A lot of activities are going on around the world. Here you see the countries and locations of committed buildings to date:
- Argentina (2015)
- Australia (2015)
- Canada (2015)
- Ireland (2015)
- Spain (2015)
- Switzerland (2015)
- USA (2015)
- Zimbabwe (2015)
BUENOS AIRES, ARGENTINA ILUMINADA – SEPTIEMBRE DE ORO
CCI member, Fundacion Natalie Flexer, mobilized its team of parents, families, volunteers, friends and allies to turn September 2015 into a Golden September for Buenos Aires. With their drive and enthusiasm, they made Light Up Gold, Light Up Hope4kidswithcancer a reality in 4 iconic locations in Argentina which they chose for their historical and cultural significance as well as popularity with the community at large. Through this, they increased awareness on childhood cancer and why the community needs to support children with cancer and their families. It also opened up a lot of conversations on childhood cancer.
Casa Histórica de Tucumán
This is the landmark monument for Argentinian Independence on July 9, 1816. It is now operated as a museum for cultural artifacts.
- Info Parque Guemes – Download
- Info Casino del Sol en Termas de Rio Hondo – Download
- Info Casa Histórica de Tucumán – Download
- Info Planetario – Download
NEAL Rourke, Canada, CCI Tribute Lighting Coordinator (volunteer)
Neal was thrust into the world of childhood cancer on February 22, 2011 when he was told his 17 year old son Brendan had Ewings Sarcoma which had metastasized to both lungs. During the months before Brendan’s passing, Neal became intensely aware of opportunities for improvement, at many points along the childhood cancer care trajectory. After Brendan’s passing on December 31, 2012 as a way of honouring Brendan and keeping his memory alive.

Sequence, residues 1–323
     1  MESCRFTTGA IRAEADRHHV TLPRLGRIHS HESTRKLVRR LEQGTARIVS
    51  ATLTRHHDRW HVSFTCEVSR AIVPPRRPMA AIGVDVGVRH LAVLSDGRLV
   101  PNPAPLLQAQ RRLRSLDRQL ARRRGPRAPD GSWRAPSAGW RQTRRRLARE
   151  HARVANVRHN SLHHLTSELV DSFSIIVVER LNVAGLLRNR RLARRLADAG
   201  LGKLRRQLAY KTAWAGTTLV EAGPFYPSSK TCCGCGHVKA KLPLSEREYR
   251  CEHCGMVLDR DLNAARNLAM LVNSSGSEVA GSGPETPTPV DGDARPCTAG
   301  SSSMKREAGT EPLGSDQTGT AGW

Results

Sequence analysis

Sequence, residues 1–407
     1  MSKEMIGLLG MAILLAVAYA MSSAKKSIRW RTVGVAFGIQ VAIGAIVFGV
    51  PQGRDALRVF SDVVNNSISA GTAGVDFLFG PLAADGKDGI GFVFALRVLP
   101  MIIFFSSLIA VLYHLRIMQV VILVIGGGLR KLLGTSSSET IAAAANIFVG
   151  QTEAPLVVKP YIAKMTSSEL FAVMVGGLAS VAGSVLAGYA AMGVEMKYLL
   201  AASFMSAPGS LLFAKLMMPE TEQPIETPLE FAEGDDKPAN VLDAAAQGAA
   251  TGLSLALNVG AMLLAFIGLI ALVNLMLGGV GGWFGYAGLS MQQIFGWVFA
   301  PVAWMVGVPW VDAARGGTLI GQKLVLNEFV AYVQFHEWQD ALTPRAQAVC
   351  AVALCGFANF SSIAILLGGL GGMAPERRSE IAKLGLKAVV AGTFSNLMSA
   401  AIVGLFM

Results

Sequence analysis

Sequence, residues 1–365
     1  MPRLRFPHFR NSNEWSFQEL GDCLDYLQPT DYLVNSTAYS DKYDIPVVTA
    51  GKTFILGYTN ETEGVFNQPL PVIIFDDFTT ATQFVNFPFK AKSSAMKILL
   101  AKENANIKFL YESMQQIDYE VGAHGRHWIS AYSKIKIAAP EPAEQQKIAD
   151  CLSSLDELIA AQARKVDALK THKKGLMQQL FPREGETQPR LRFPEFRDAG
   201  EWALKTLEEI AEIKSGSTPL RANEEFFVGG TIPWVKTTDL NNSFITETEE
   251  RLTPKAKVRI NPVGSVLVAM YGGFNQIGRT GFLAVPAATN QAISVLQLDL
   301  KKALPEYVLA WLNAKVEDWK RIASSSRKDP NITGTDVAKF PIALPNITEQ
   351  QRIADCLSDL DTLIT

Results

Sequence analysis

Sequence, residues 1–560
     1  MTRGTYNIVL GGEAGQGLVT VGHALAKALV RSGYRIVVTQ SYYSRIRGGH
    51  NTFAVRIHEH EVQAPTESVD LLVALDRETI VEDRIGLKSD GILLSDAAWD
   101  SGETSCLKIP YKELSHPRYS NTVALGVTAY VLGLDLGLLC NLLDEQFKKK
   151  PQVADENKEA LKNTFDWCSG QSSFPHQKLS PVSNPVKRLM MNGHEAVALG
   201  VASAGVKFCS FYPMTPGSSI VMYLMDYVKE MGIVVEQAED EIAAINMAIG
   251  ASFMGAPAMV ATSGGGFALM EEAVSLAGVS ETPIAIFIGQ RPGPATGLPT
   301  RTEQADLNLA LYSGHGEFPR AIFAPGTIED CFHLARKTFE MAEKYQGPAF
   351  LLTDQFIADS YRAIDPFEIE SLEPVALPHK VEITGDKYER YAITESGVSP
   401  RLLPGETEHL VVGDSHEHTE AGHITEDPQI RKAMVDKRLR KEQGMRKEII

Neal stepped up from being a dadcologist (i.e. dad co oncologist – patient advocate) to being a passionate childhood cancer advocate. He transformed his grief into working with and escalating the voices of other childhood cancer parents who believed that greater awareness would lead to more positive action. In his words, “I hope that by what I am doing now, other parents and families will not have to go through the terrible ordeal that I and my family experienced”. He started to work with other groups and individuals, towards intensifying childhood cancer awareness and turning September Gold for childhood cancer.
Neal’s passion and dedication to childhood cancer awareness first bore fruit in 2013, with the Lighting Up Gold of the iconic Skylon Tower observatory of Niagara Falls. This was followed months later by his collaborating in the organizing of the first of 4 Coast to Coast Against Cancer Ride school fundraising events to support families with their living costs and provide psycho-social support as part of hospital care. In addition to working with the Advocacy for Canadian Childhood Oncology Research Network (Ac2orn),Neal is a member of the US Coalition Against Childhood Cancer (CAC2) and volunteers with Canadas Big Book of Care national childhood cancer awareness media campaign.
Neal strongly believes that “we must preach beyond the choir (i.e. beyond people/ organizations who already support childhood cancer) if we wish to elevate the status and awareness for childhood cancer”. He also feels that by doing what he is doing, he is honouring his sons memory and helping inspire other bereaved parents to move from personal grief to sharing their stories, making their voices heard and helping create change. This is what moves him to promote, support and intensify the call for Gold in September.
In 2014, Neal participated in the CCI International conference in Toronto, Canada where the CCI members and attendees committed to Go Gold, promote the Gold Ribbon for childhood cancer awareness and scale up global initiatives to Light Up Gold in September. In 2015, he volunteered to be CCI Tribute Lighting Coordinator for the CCI Light Up Hope, Light Up Gold campaign. He provided technical guidance and support to CCI members and other supporters of childhood cancer, who with his help, were able to successfully Light Up Gold strategic sites in their countries. He compiled the global map of Light Up Gold events in both CCI and non CCI initiated areas which he had invited or tracked. Since the CCI website was under construction at that time, this Light it Up Gold zee map was hosted by American Childhood Cancer Organization (a CCI member in USA). Neal’s support was instrumental in the successful lighting of dozens of landmarks in 2015. Currently, he has assisted nearly 40 buildings/landmarks in Canada in going gold for September,2016 .